Californians hold improving view of state, but partisan gulf widens
12/12/2013 12:00 AM
12/13/2013 4:52 AM
As California emerges from a recession and years of state budget deficits, the electorate is growing cheerier about life in the Golden State.
But the chasm between Democrats and Republicans has widened, according to a new Field Poll, and the view from the right is not so bright.
While 53 percent of Democrats say California is one of the best places to live, just 29 percent of Republicans rate the state so favorably, according to the poll. The gulf between Republicans and Democrats is more than 10 percentage points wider than two years ago.
Positivity also varies widely from the state’s coastal areas to its more conservative, inland reaches. Forty-seven percent of voters living in coastal counties say California is one of the best places to live; only 34 percent of inland county residents share that view.
The differences suggest not only the unevenness of the economic recovery in California, but also the difficulty of belonging to the political minority in a state where Democrats control the Legislature and every statewide office.
“The hyper-partisanship that is now characterizing our politics both at the national level and here in California is affecting how voters view the state,” poll director Mark DiCamillo said. “This movement toward this very Democratic state is now viewed negatively by Republicans and conservatives, and it’s affecting their outlook on the whole state.”
Overall, 43 percent of registered voters say California is one of the best places to live, while 26 percent call it nice but not outstanding, according to the poll. Twenty-one percent of registered voters say the state is average, and 8 percent say it is a poor place to live.
The assessment is more positive than in 2011, when 39 percent of registered voters called the state one of the best places to live, but still lower than just before the recession. In 2007, half of California voters ranked the state among the best.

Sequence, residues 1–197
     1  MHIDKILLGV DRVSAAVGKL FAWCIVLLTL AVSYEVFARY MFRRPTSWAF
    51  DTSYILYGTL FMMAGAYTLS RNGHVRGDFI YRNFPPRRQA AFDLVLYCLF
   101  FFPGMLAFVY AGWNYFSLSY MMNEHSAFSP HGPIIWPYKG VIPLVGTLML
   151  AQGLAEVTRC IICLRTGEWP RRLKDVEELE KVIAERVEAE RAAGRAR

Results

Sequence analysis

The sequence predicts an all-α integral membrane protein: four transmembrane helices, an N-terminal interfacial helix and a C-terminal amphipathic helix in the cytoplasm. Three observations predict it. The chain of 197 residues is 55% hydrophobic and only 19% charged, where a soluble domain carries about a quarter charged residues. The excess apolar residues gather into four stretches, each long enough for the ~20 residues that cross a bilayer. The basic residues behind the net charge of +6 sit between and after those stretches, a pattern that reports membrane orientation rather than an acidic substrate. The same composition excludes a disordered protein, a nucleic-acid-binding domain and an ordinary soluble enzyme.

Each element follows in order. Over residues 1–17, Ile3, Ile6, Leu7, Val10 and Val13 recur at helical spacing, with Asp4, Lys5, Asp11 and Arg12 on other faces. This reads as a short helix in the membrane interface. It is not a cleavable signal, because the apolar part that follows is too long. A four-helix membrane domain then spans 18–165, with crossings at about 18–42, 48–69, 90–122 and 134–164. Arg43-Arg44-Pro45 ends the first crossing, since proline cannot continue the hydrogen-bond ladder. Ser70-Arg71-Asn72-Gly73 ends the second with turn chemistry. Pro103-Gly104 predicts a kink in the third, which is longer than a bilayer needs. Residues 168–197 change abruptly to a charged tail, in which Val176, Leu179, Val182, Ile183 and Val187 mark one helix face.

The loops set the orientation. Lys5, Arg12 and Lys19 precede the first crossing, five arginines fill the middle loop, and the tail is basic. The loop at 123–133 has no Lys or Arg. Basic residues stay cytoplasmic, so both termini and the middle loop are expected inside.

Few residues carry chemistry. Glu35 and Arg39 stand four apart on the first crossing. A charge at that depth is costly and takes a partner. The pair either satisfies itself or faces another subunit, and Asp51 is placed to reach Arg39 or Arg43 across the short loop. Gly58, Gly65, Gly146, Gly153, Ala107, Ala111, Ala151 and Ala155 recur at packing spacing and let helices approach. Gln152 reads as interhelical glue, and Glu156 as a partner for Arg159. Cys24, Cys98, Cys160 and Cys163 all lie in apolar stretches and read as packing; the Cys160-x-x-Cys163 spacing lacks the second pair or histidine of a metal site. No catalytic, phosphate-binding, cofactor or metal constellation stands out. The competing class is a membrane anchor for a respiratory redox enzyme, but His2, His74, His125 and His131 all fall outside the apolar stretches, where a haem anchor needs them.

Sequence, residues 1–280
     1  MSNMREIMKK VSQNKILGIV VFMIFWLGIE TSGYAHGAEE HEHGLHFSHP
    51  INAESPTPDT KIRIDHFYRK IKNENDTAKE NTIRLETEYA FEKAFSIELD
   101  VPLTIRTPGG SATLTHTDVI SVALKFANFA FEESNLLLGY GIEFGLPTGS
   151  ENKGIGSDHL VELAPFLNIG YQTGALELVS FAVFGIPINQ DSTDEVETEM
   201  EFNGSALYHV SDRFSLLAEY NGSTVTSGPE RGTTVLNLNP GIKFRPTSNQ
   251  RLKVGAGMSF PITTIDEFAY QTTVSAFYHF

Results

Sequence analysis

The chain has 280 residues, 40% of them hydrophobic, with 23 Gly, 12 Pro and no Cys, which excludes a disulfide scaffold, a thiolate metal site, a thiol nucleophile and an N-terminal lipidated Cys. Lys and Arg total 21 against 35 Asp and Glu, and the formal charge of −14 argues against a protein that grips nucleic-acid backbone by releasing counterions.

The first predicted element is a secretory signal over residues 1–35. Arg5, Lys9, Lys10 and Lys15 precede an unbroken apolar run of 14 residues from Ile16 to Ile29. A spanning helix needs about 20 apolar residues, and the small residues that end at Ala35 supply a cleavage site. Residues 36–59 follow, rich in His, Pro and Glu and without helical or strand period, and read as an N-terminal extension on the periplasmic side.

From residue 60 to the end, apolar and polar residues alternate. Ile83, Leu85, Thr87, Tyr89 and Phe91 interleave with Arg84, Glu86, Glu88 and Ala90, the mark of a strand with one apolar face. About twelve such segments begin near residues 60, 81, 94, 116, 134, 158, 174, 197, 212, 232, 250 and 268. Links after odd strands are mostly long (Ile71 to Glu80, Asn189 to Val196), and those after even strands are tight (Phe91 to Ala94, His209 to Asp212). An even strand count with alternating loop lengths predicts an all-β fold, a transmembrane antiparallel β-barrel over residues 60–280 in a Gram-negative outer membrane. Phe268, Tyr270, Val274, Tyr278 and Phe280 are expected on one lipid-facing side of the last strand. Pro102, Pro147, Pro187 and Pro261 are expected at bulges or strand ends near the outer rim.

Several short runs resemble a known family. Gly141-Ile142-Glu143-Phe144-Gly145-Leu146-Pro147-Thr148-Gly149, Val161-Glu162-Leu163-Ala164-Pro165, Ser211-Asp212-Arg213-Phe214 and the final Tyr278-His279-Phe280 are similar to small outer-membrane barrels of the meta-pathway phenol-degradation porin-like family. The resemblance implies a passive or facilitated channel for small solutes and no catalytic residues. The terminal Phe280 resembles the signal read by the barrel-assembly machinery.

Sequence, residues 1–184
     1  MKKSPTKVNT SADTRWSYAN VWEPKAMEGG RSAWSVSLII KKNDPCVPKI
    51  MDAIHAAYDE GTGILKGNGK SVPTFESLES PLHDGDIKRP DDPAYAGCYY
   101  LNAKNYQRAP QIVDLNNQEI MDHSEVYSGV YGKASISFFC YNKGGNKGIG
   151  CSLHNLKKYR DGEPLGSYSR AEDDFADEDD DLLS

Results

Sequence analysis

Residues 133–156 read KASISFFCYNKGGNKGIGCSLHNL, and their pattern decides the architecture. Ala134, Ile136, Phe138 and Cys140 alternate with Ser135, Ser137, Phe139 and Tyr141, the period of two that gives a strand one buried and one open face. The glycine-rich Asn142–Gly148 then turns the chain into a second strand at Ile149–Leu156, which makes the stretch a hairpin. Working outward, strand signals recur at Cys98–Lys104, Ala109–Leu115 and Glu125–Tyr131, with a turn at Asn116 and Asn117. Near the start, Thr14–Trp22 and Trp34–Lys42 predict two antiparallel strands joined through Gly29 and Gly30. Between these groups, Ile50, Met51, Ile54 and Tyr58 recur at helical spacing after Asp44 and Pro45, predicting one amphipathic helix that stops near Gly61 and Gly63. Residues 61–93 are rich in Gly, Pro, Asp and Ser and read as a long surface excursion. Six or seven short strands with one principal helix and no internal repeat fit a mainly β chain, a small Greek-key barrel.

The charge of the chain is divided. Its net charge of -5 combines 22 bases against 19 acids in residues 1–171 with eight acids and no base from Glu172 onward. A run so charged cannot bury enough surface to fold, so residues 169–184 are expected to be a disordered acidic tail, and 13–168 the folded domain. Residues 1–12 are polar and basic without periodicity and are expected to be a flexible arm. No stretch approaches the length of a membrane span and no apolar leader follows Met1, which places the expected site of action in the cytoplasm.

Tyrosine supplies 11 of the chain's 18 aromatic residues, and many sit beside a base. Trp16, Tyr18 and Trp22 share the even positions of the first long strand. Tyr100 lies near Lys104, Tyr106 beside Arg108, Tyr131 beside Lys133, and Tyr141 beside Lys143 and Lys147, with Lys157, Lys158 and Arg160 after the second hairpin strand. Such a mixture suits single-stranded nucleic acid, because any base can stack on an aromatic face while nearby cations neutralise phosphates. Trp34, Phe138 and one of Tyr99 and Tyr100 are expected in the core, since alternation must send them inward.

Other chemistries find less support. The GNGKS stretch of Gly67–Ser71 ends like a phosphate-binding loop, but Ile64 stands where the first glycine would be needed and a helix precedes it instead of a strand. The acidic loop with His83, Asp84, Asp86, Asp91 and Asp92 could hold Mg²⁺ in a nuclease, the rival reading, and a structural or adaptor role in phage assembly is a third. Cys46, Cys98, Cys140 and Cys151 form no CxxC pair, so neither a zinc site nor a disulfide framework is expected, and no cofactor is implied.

The state’s improving outlook is largely a product of public opinion in the heavily populated San Francisco and Los Angeles areas. People are nowhere happier than in the San Francisco Bay Area, where 54 percent of voters say California is one of the best places to live, according to the poll. In the Central Valley, the proportion of voters who feel so content is more than 20 percentage points lower, at 33 percent.
“The quality of our life has gone down,” said James Petty, a 74-year-old Republican from Visalia. “Every time you turn around the wackos there in Sacramento – since the Democrats are the majority – whatever they want, they just pass through.”
Petty, a retired grocery store clerk, is upset about the state’s immigration policies, welfare and what he considers to be a proliferation of marijuana. He said he would leave the state if his grandchildren didn’t live here.
“I still like California,” Petty said. “I just don’t like the way they’re running it.”
In a series of questions about life in California, a majority of voters – 55 percent – say the quality of life in this state is better than in most other states, while 18 percent say it is worse and 22 percent say it is no different, according to the poll.
A plurality of voters – 38 percent – say job opportunities in California are similar to job opportunities in other states, according to the poll. Yet the gulf between the Central Valley and coastal California is evident in this economic indicator, too. In inland California, where the unemployment rate in many counties remains above 10 percent, 37 percent of registered voters say job opportunities are worse than in other states, compared to 30 percent who feel this way statewide.
David Ramczyk, who owns an agricultural products and consulting business in Modesto, said unemployment and the shortcomings of public education have contributed to increased drug use and crime in his community.
“As far as I’m concerned, your entire society is in kind of a state of devolution,” the 66-year-old said. “I think that we don’t have the same standards, the same values or anything.”
For Republicans like Petty and Ramczyk, “there’s very little they can do,” DiCamillo said, in a state where their party’s voter registration has fallen below 30 percent.
“Their political view has very little sway in the way the state is governed, and it becomes a negative when they’re assessing the state as a place to live,” he said. “They’re frustrated, and they downgrade the state accordingly.”
Younger and older voters are more likely to view the state more favorably than the middle-aged, according to the poll. Fifty-one percent of voters 65 and older and 46 percent of voters under 40 say California is one of the best places to live, dropping to 37 percent for voters ages 40 to 64.
The only question on which there is broad, bipartisan agreement concerns the cost of living, which 92 percent of voters agree is higher in California than in other states.
That may not bother them, however.
“If something’s going to be so great, of course it’s going to cost more,” said Mark Jennett, a 19-year-old independent voter from Sacramento.
Jennett, a student at Cosumnes River College, lauded state policies to reduce greenhouse gas emissions and the friendliness of customers at his place of employment, GNC.
“Everything about California just seems nice,” he said.
Despite their improving view of California over two years ago, Californians hold the state in nowhere near as high regard as they once did. From the late 1960s through the mid-1980s, 70 percent or more of Californians rated the state as one of the best places to live.
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